Let’s face it, we all have our favourites. Mine happen to be ducks. A childish enthusiasm grips me every time I see one, no matter what colour, size or quack.
I mean, if there were no hunters on the planet, how cool would it be to be a duck? You soar the sky, master the water and … wobble the land. You can bask in the sun and rest in the rain, and still be happy. Top that with amazing features, like mesmerising feathers (for both boys and girls), a grid- type structure to filter water while snacking, and palmed feet. Unbeatable!
So it’s always a pleasure when I visit Banteer Pond in Co. Cork, Ireland. I can spend hours and not feel the time pass. If fairies existed, they would hang around there.
I joined the gang on a crispy Saturday morning and then again later in the afternoon. Love was in the air, with the boys showing off flight displays, fitness and resounding calls. The girls swam graciously pretending to mind their own business. Two geese turned out to be a welcome addition to the group, although one of them was quite ‘bossy’. The moorhens dotted the air with their soft clacking from under the vegetation. A bird’s haven.
Smaller specimen were unafraid of catching up with them when food was offered. I had bought specific duck and swan food, which was gobbled down and ordered multiple times during my visit. They all enjoyed it both on the ground and in the water. It has become common knowledge that bread is not the best food for ducks (or in fact for any other bird). Bread fills you up but lacks relevant nutrients. With time it can even cause damage to the wings, making the ducks unable to take flight and migrate (this condition is called ‘angel wing’). I found the food at a pet store and it’s quite cheap, actually the same price of a loaf of bread!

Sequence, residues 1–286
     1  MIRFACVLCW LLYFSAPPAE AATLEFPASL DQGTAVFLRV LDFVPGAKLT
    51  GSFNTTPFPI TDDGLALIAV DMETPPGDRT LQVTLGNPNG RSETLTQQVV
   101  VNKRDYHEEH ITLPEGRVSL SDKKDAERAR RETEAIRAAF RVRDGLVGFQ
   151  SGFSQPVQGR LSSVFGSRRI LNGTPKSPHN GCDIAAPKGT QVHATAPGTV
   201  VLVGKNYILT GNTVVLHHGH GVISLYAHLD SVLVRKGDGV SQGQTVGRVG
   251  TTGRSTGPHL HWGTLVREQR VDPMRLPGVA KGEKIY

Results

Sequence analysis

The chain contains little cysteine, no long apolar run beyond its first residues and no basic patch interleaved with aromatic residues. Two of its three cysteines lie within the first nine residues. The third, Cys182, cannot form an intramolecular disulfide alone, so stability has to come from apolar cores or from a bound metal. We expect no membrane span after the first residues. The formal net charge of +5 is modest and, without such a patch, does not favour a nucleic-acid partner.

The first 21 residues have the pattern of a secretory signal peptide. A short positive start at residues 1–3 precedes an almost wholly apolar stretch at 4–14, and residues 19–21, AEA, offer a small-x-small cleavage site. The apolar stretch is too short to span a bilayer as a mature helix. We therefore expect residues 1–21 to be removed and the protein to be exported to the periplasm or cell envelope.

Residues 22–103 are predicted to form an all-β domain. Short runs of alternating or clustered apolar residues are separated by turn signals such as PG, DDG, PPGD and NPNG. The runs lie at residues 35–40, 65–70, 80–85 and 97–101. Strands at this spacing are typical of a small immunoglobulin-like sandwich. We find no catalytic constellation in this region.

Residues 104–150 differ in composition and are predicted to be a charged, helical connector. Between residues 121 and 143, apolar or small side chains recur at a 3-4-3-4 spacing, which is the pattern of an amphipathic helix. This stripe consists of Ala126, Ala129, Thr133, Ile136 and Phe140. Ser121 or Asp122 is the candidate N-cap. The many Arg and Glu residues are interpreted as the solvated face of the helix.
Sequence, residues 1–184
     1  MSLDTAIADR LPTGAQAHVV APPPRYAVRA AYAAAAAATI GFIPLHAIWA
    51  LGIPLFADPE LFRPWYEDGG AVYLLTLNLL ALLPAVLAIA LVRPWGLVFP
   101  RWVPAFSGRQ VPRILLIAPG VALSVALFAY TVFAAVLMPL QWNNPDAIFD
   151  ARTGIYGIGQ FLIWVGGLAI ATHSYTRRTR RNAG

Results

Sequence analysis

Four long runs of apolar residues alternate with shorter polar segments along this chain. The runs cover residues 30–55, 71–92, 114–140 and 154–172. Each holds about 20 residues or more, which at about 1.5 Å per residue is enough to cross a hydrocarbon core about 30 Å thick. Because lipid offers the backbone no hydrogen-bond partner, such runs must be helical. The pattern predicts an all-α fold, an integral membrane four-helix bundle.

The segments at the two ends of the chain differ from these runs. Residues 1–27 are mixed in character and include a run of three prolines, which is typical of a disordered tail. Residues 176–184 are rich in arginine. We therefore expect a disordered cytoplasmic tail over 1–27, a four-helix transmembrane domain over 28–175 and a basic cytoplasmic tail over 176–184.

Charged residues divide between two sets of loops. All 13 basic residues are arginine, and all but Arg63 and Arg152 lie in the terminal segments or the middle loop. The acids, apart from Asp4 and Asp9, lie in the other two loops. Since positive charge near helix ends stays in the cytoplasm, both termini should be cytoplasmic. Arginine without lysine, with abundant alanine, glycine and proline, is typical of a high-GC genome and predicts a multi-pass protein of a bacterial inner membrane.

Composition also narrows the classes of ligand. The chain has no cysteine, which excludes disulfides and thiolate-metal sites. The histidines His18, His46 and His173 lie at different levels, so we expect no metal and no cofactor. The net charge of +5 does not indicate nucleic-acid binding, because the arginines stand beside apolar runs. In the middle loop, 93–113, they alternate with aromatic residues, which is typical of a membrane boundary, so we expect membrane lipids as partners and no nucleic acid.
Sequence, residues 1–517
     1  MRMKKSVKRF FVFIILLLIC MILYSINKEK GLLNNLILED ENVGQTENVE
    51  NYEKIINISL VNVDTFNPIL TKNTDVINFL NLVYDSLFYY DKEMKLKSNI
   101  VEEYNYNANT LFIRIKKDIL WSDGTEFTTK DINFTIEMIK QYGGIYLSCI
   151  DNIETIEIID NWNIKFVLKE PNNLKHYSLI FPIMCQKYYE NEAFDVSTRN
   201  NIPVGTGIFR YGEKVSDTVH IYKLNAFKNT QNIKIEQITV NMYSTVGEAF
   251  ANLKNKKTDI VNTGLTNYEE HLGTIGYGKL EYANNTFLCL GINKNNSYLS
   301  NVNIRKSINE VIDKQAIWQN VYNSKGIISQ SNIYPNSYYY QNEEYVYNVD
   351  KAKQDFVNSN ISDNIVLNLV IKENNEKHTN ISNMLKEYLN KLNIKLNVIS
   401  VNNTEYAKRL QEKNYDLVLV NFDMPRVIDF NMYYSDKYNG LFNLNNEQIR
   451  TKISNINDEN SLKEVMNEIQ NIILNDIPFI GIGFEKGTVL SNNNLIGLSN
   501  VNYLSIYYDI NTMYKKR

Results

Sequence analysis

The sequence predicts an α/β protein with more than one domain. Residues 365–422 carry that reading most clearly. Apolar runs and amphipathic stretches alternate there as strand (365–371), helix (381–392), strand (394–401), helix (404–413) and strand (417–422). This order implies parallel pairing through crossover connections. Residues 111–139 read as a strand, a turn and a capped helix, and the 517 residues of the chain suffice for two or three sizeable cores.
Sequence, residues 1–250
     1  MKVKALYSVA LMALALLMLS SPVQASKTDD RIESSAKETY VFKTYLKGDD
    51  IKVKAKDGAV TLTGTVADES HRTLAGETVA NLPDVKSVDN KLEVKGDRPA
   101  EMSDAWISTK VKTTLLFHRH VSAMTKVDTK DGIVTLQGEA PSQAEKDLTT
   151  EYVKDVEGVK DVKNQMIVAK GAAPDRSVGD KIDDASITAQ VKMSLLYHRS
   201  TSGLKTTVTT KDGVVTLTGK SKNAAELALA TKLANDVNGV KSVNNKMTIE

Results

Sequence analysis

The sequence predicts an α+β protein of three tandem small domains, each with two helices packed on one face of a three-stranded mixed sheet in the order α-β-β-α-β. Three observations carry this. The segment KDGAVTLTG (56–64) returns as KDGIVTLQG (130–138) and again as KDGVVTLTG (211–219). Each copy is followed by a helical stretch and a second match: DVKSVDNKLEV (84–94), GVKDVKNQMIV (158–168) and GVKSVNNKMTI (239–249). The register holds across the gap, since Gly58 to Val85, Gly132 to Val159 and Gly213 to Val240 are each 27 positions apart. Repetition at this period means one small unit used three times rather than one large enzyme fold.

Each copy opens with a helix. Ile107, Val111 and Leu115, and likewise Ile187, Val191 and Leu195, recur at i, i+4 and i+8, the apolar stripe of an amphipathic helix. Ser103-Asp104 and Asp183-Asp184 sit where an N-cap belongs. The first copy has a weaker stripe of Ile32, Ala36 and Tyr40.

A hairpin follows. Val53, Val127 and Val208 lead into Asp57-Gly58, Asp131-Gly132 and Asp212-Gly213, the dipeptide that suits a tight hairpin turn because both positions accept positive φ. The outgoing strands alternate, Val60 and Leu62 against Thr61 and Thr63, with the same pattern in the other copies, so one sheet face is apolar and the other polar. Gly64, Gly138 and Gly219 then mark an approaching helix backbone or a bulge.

Because Banteer Pond is all about protecting wildlife, the birds have had time to study human behaviour. As soon as they hear a car door slam, a very specific call is sent out to the whole group, and in a split second a feathered assembly reaches the gate, welcoming the new bipeds and, of course, requesting treats. Here I should add that this is done quite politely, as if they knew that misbehaving won’t bring the humans back. As I offered food, more was ordered by the geese, who walked nearer, tilted their heads and tuned two soft-spoken quacks. How could you say no to that?
It was a busy day under changeable weather. After feeding, swimming, flying, chasing, preening and chatting, it was time for a well-deserved nap. That’s when I sat among them. The first rule to be around wildlife is to respect their space – it’s a matter of safety, but above all, it’s consideration for the animals. We can be an invasive species, it’s in our nature to be explorers, and the temptation to get closer and closer is huge, but that’s not how nature works. With that in mind, I sat with them after making sure that nothing about me would disturb their rest. I sat there quietly, breathing slow and smiling for the privilege of being surrounded by those beauties.
In the calm of the moment, amid the scent of the earth and water and the birds’ voices, something tightened in my chest. The innocence of these creatures was almost palpable. The trust they put in humans is the result of an ideal environment created for them. A place where they can feel safe and live the life every duck deserves. These amazing birds are lucky, many others not so much. So I raise my hat to Banteer and the small perfect world they built. And a thought remains, of how easy it would be to peacefully cohabit.